The Kluger wins for second-row roominess and the space up front is vast.
With the third row in place the Kluger boot is 241 litres.
With the third row down you'll get 552-litres of space.
The cargo capacity of the Sorento’s boot with the third row folded flat is 616 litres, while the Kluger has a 552-litre volume. With the third row in place the Sorento boot is 187 litres and the Kluger’s is 241 litres.
Cup holder count? The Kluger and Sorento both have eight (two up front, two in the second row and four in the third row).
The Sorento has a full-sized spare wheel, while Kluger owners will have to hobble to a tyre repair centre on a space saver spare.
The Sorento offered better head space and legroom than the Kluger.
With the third row in place the Sorento's boot is 187 litres.
The cargo capacity of the Sorento’s boot with the third row folded flat is 616 litres.
This is where I normally tell you about things such as automatic tailgates and parking sensors, and we’ll cover that, but the Sorento can do something so cleverly helpful and almost unheard of – remote park itself (without you in the car).
This parking feature is standard on the GT-Line and is operated through the key fob which acts like a remote control only the vehicle steers itself autonomously into and out of car spaces.
The purpose of the remote parking is for driving the car in and out of tight cars spaces where it might be difficult for passengers to open their doors to enter of exit the car.
The Kluger can’t match that super power but neither can the rest of the Sorentos in the range, so let’s look at the other ways they make life easier.
The entry-grade S Sorento has auto LED headlights, as does the base Kluger, both also have rain-sensing wipers, a reversing camera, plus front and rear parking sensors. The Toyota has push-button start and a proximity key whereas the cheapest Sorento doesn’t.
The Kluger GXL is the second rung up in the range and adds the auto tailgate, plus three-zone climate and heated front seats.
You’ll need to step up to the mid-grade Sorento Sport+ to get the push-button ignition and a proximity key, there’s also dual-zone climate control with directional rear air vents, privacy glass, remote engine start and a tailgate which will open when it notices you loitering behind it for a few seconds.
The Kluger GXL is the second rung up in the range and adds the auto tailgate, plus three-zone climate and heated front seats.
The top grade Sorento GT-Line scores heated front and second row seats, a wireless phone charger, a head-up display and the amazing remote parking feature we talked about.
The top-of-the-range Kluger Grande scores ventilated front seats and a gesture tailgate.
As for power outlets, the entry-grade Sorento gets three USB ports up front and two in the second row, plus there’s a 12V point in the dash and the cargo area.
The Sorento can do something so cleverly helpful and almost unheard of – remote park itself.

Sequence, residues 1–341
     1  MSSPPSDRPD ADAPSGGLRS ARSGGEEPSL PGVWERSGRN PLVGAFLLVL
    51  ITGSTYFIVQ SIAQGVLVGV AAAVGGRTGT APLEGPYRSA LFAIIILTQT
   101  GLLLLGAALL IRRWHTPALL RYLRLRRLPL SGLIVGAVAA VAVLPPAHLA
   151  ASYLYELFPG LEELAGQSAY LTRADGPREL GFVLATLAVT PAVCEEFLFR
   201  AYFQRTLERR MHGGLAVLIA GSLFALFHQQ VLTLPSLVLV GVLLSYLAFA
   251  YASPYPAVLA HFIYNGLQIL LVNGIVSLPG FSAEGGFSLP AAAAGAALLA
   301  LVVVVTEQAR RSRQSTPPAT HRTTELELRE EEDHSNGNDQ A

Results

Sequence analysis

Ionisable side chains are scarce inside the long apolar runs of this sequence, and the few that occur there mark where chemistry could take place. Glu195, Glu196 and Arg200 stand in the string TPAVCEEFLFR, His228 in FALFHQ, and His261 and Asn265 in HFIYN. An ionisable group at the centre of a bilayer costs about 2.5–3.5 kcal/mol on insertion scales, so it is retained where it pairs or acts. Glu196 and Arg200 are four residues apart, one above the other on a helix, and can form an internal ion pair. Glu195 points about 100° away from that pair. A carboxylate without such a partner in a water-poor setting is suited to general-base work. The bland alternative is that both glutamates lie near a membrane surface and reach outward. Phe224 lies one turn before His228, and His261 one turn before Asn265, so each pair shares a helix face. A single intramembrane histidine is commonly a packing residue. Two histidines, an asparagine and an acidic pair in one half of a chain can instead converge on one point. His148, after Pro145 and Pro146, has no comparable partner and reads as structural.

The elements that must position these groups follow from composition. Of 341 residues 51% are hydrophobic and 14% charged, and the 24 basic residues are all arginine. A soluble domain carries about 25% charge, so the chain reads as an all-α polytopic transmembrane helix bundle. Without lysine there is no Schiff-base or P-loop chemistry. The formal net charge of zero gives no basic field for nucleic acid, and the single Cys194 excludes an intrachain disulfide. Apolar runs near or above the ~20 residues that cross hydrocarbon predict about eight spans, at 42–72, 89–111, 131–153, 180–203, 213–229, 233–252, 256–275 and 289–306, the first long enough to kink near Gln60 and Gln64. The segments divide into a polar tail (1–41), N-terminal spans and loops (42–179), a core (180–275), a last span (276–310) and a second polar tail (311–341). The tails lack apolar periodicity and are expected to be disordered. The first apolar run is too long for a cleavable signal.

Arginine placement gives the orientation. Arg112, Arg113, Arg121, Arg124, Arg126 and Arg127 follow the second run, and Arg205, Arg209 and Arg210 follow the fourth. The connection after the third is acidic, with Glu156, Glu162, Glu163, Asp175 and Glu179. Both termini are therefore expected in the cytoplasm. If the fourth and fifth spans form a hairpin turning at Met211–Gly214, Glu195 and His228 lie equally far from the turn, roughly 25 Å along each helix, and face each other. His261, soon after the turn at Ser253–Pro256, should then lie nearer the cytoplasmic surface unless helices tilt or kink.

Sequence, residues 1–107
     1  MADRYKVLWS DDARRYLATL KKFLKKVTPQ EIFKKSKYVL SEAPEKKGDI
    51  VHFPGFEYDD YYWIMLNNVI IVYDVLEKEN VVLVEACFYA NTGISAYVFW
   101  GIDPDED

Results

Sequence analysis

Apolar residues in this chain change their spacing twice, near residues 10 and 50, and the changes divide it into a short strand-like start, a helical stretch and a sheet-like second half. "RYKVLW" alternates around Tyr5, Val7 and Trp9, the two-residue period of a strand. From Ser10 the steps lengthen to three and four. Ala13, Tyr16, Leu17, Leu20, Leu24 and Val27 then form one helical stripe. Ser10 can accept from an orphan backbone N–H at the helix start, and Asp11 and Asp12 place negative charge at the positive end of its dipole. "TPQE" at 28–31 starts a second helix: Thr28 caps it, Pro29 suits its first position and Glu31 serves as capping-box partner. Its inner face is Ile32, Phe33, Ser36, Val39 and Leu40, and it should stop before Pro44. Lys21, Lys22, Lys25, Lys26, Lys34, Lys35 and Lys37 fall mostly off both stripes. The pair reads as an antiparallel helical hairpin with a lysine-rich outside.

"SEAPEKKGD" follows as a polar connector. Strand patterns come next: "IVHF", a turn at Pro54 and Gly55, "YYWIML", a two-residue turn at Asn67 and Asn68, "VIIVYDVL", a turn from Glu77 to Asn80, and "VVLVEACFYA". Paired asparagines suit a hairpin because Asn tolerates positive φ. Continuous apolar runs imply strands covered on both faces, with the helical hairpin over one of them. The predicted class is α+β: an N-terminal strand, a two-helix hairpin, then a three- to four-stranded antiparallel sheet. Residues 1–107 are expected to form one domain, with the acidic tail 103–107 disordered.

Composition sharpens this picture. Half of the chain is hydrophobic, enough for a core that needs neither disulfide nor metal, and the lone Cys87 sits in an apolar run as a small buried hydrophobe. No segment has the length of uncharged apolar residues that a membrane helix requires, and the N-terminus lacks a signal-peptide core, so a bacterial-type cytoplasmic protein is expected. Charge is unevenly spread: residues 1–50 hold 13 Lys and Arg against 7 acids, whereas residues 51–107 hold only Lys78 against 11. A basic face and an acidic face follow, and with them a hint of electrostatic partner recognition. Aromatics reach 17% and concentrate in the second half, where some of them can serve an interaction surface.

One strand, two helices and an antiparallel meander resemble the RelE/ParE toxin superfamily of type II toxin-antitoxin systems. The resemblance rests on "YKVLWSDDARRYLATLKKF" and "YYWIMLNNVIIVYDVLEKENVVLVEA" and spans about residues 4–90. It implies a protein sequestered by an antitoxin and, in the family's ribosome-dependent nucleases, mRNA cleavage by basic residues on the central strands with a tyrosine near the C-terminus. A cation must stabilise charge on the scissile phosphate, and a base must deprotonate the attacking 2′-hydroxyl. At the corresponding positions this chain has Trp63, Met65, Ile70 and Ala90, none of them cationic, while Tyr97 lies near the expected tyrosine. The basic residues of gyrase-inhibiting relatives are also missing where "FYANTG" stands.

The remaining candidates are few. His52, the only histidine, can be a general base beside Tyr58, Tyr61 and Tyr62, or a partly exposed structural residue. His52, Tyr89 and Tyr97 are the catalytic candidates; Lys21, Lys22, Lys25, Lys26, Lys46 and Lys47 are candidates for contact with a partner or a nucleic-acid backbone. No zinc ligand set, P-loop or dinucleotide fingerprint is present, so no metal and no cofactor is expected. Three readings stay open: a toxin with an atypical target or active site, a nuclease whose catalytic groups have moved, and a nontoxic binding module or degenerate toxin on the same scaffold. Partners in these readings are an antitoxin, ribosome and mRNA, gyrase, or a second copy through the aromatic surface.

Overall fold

The top two Sorento grades come with three USB ports in the second row and two in the third row.
The Kluger isn’t as well furnished with USB ports with all grades coming with two up front and two in the second row. The Kluger has two 12V outlets and they’re both in the front.
Entry into the Kluger is better than the Sorento, and by that I mean the doors open wider, the space to climb into the third row is better.
Both have a high load height for their boots and while getting into the third row is never as easy as stepping into a people mover, I found the Kluger offered better access to those very back seats.
There’s something you need to know about the safety of these cars. Ready? The third row airbags in the Kluger and Sorento don’t extend to cover the occupant’s heads in those very back seats.
It’s an unacceptable shortcoming on vehicles built for families. The carmakers know that it is children who will mainly be sitting in these rear seats and would be aware that kids won’t be as adequately protected by airbags as the other occupants.
This alone would be a deal breaker for me if I was looking for a seven-seat SUV and intended regularly using those rear seats for my children.
If I needed seven seats regularly, I’d pick a Kia Carnival, a Mazda CX-9, or a Hyundai Palisade because they all have side curtain airbags which extend to cover the third row occupants' heads.
Somehow ANCAP has given both SUVs the maximum five-star rating with the Kluger being tested in 2021 and the Sorento in 2020.
Are you still there? Understand if you’re not.
Look, it’s a shame these SUVs are let down by such a simple thing when the rest of the safety tech in both cars is so advanced and comprehensive.
All grades of the Kia Sorento come with AEB with pedestrian and cyclist detection, rear cross-traffic alert and blind spot collision avoidance.
Then the GT-Line also has blind-spot view monitoring, which shows the view behind you on whichever side you’re indicating towards.
There are ISOFIX points and top tether mounts for the third-row seats, plus two more ISOFIX points and three top tethers mounts across the second row.
It’s good to see the Sorento has kept its full-sized spare wheel, which is under the car.
All Klugers come standard with AEB with pedestrians and cyclist detection, there’s also blind-spot warning, lane keeping assistance, rear cross-traffic alert, and adaptive cruise control.
For child seats there are three top tether anchor points and two ISOFIX points in the second row.
When it comes to tech, the Kluger feels like it’s from the Stone Age (okay, maybe the early 2000s) compared to the Sorento.
All Klugers come with an 8.0-inch media display, but only the entry-grade Sorento has a monitor this small. The rest have a big, landscape 10.25-inch screen and the top-grade Sorento (the GT-Line) has a 12.3-inch fully digital instrument cluster.
The graphics and colours of the Sorento’s 10.25-inch display are dazzling with high-end tech touches such as a ‘nixie light bulb’ radio tuner feature, a ‘streetlamp’ sat nav feature (which is always lighting your way on a map), and ambient soundscapes such as rain and a café atmosphere.
All Klugers come with an 8.0-inch media display.
The Kluger’s small screen feels old, slow to react and has a confusing format. A bit like me, really.
The GT-Line comes standard with a head-up display (the Kluger doesn’t) and wireless phone charging (Kluger doesn’t either).
The Kluger may not be as refined and modern looking as the Sorento, but it is better to drive and more affordable to maintain. That’s not enough though to beat the big Kia which has better tech and is easier to use every day.
They're equal, however, in a not-so-good way. These SUVs having cutting-edge safety tech, but not having third row airbags which adequately cover the occupants’ heads in those third-row seats, is a big disappointment.
The Kia Sorento wins this comparison against the Toyota Kluger thanks to its superb design, great tech and ease of use.